Planned Parenthood of Alaska v. State


Primary Content

In 1997, the Alaska legislature passed a bill which, if it had gone into effect, would have prevented any unmarried woman under 17 years of age from having an abortion in Alaska unless she has obtained the consent of a parent, guardian or custodian, or a court order authorizing the procedure. , CRR immediately challenged the law in state court, arguing that the consent requirement violated the rights of young women and abortion providers under the Alaska Constitution.

Filing date: 07/25/97

State: Alaska

Plainiff(s): Planned Parenthood of Alaska

CenterAttorney(s): , Janet Crepps, Suzanne Novak

Co-Consel/Cooperating Attorneys: , Jeffrey Feldman & Susan Orlansky of Feldman & Orlansky

Summary: In our trial in this case, we put on evidence demonstrating that while most teenage girls involve a parent or other adult in the decision to have an abortion, some young women who are in abusive or other difficult family situations don't feel that they can turn to their parents. For example, D.M. was 16 years old and living in a remote corner of Alaska when she discovered she was pregnant. She knew her guardian would not let her have an abortion. Desperate, she confided in a teacher and a local preacher's wife, threatening to kill herself or get an illegal abortion. The teacher and preacher's wife arranged for her to have an abortion in Anchorage. When D.M.'s guardian found out what had happened, she was angry enough to give up custody of the girl. The guardian testified that she would not have given consent for the abortion if it had been required unless D.M.'s life was in danger.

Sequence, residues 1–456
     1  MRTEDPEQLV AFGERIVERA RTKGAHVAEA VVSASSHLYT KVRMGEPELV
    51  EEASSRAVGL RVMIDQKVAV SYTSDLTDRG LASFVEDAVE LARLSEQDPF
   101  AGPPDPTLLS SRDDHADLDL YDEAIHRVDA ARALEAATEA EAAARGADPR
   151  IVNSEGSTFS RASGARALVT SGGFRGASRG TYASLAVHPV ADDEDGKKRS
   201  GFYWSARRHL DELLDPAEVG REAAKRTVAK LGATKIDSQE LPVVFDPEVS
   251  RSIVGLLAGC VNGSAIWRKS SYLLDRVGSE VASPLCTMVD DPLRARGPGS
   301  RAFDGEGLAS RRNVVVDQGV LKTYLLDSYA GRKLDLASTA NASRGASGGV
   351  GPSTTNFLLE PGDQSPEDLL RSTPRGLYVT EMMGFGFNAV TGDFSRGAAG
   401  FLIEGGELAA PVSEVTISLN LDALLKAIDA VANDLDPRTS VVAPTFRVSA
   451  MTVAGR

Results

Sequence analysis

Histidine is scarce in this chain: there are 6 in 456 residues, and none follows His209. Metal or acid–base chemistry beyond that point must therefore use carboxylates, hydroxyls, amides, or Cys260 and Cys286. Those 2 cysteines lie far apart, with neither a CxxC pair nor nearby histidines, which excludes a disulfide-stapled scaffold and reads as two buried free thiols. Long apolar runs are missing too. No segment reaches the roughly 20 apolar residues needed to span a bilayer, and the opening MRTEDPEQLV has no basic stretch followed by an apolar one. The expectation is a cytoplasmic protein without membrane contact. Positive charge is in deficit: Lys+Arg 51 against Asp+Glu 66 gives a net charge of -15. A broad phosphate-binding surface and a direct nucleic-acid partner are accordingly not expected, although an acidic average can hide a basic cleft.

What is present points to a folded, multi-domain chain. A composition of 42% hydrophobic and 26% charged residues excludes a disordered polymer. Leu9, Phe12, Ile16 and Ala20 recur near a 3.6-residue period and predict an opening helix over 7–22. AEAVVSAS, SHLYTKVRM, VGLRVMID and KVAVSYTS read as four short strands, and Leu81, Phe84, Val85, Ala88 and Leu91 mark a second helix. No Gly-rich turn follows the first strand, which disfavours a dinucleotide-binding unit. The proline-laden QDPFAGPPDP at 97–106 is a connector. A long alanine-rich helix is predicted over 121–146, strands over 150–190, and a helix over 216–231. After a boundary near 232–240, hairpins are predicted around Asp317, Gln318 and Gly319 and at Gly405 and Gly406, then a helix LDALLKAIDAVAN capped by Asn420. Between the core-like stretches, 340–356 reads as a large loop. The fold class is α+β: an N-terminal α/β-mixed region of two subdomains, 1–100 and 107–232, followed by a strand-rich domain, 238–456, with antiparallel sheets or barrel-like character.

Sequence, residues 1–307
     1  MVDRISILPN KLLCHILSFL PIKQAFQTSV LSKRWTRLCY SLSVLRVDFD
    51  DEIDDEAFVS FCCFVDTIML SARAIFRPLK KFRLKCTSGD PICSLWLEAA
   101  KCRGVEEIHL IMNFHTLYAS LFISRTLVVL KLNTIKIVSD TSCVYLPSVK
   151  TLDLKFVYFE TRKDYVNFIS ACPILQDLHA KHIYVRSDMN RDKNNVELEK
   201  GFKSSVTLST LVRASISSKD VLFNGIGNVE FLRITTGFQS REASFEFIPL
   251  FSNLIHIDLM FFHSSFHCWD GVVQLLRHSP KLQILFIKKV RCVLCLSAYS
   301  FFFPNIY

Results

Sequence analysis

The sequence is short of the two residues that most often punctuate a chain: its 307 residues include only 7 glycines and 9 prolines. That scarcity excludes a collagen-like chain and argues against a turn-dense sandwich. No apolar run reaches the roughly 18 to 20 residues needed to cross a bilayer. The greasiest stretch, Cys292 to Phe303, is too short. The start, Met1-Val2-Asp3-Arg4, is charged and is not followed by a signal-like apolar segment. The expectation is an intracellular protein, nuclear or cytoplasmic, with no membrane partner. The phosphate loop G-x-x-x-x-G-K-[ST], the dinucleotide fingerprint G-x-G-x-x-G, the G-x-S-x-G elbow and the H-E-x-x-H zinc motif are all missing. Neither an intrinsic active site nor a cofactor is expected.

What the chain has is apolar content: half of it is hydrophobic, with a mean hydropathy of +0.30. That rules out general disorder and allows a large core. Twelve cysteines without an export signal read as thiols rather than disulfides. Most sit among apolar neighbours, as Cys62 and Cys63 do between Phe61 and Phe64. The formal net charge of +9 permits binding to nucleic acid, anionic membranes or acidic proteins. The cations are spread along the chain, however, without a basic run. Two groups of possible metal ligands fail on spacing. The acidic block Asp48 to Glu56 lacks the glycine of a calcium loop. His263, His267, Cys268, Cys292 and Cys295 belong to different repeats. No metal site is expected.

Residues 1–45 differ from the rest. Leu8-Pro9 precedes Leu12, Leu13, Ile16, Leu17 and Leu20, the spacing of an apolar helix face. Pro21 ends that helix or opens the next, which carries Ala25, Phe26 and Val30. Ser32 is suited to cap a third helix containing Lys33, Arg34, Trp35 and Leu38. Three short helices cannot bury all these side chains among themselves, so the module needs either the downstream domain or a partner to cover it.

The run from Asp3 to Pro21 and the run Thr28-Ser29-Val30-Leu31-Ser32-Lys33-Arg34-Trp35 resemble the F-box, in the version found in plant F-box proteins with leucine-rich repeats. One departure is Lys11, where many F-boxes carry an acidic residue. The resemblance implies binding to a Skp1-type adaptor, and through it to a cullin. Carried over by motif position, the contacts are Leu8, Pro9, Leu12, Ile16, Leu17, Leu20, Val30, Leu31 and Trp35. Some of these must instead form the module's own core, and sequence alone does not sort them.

The Center prevailed at trial in 2003 and the Alaska Supreme Court affirmed the trial court's ruling in 2007, putting an end to the litigation after 10 years. , In its decision, the Alaska Supreme Court recognized that giving parents "veto power" over a minor's decision to terminate a pregnancy robs teenage girls of their fundamental rights.